TILL DEATH DO US PART
by H. David Morrow FuzzyGem@worldnet.att.net
(Previously published in MISSING LINKS Vol. 7, No. 12, 24 March 2002) http://www.petuniapress.com/
If you contemplate marriage, find out first if your intended is involved in genealogy. Can s/he spell it correctly? If the answer is yes, don't bother to assess the strength of the involvement at the moment. It doesn't matter. Genealogists have an addiction that waxes and wanes. Your meeting and falling in love might just happen to coincide with a lean time in your future mate's research. (Genealogists may refer to this condition as "hitting a brick wall.") Should anything re-ignite the interest, it means trouble. Worse, you don't know when or from what direction that "anything" will appear.
You see, a secret that all genealogists keep to themselves is simply this. Because of their disease, the marriage vows mean different things to them than to you.
Consider the phrase "till death do us part." Overcome by love, you think that this refers to your death or to the death of your spouse. That is the generally accepted meaning, but genealogists are not generalists. So, one day you discover that you and your spouse are separated due to the death 100 years ago of some potential relative. The mere hunch that this person from another era might be an ancestor causes your spouse to spend endless hours poring over microfilm in the library or use up all the time you are allowed by your Internet Service Provider. (Remember your spouse clearly and distinctly said, "We'll NEVER use the computer 150 hours a month. If I spent that much time on the computer, I'd never have time to work [or cook, clean, or wash clothes]. We wouldn't have the time to go to a movie, read a book, or watch that expensive Cable TV you signed up for.")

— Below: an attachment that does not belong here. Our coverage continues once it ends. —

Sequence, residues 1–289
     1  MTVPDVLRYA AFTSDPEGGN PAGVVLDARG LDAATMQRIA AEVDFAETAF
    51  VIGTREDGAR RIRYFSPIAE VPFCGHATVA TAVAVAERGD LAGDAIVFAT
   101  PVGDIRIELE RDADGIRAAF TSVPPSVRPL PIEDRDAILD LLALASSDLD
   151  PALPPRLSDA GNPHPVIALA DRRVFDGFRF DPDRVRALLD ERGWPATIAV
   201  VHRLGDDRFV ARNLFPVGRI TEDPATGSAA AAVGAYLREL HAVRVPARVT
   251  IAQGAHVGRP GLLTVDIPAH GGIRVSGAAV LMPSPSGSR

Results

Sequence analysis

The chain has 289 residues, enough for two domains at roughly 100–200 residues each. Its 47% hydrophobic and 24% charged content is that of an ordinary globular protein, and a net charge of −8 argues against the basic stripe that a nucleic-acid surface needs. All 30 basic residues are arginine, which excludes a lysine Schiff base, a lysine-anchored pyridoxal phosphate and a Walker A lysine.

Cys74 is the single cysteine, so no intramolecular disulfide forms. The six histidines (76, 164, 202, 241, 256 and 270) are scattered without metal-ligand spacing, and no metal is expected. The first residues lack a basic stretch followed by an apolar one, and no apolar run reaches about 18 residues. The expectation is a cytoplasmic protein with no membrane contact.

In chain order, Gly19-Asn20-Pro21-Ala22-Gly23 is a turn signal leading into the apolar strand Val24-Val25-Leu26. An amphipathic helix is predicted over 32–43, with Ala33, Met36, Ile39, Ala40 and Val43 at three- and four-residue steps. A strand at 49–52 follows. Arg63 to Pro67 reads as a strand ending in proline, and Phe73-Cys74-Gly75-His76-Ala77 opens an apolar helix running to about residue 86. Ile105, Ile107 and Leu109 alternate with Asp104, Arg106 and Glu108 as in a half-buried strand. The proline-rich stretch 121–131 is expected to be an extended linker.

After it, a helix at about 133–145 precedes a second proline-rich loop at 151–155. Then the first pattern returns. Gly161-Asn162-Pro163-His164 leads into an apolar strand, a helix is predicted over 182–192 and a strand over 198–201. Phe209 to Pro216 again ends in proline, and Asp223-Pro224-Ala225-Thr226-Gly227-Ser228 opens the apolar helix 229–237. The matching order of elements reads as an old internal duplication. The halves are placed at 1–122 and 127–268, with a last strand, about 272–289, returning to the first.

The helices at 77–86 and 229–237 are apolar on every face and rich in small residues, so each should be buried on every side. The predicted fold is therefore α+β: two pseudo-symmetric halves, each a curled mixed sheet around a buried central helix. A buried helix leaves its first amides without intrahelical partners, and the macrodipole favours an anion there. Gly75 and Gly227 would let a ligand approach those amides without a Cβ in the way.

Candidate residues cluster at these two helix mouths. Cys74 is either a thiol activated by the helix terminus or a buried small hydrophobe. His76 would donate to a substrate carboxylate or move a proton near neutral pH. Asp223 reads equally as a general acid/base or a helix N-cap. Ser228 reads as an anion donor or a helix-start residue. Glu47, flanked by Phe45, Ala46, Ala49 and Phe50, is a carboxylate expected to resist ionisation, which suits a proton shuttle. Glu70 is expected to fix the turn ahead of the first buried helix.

The upside to marrying a genealogist is that your mate really wants togetherness -- at a cemetery, looking for grave stones. You are needed in this endeavor because it takes less time to find a stone if two people are looking. This gives you and your spouse a golden opportunity to spend quality time together -- at opposite ends of a large plot of land -- just the two of you and pieces of marble and granite. Some of these stones will be flat on the ground, and you might hurt your back from bending over trying to decipher the writing. This gives you an excuse to get a back rub from your beloved.
Unless s/he finds the stone s/he is looking for. In that case, during the entire drive back home you will hear a monologue about the deceased. Further, upon arriving home, your spouse will immediately go to the computer. First the new information must be input to a genealogy program. Then at least 14 people have to be e-mailed to tell them about the newest information while instead of enjoying a back rub, you sit alone watching Cartoon Central or Animal Planet on Cable TV.
By the way, that's the only upside. If you want to spend more time together, learn how to fix the library's copy and microfilm machines; learn how to read the abysmal handwriting on the 1880 census; or help your spouse sort old family photos.
Otherwise, find a support group; take an adult education course in plumbing or computer repair; or, riskiest of all, start researching your family. Choosing this last option, however, means you have caught the bug.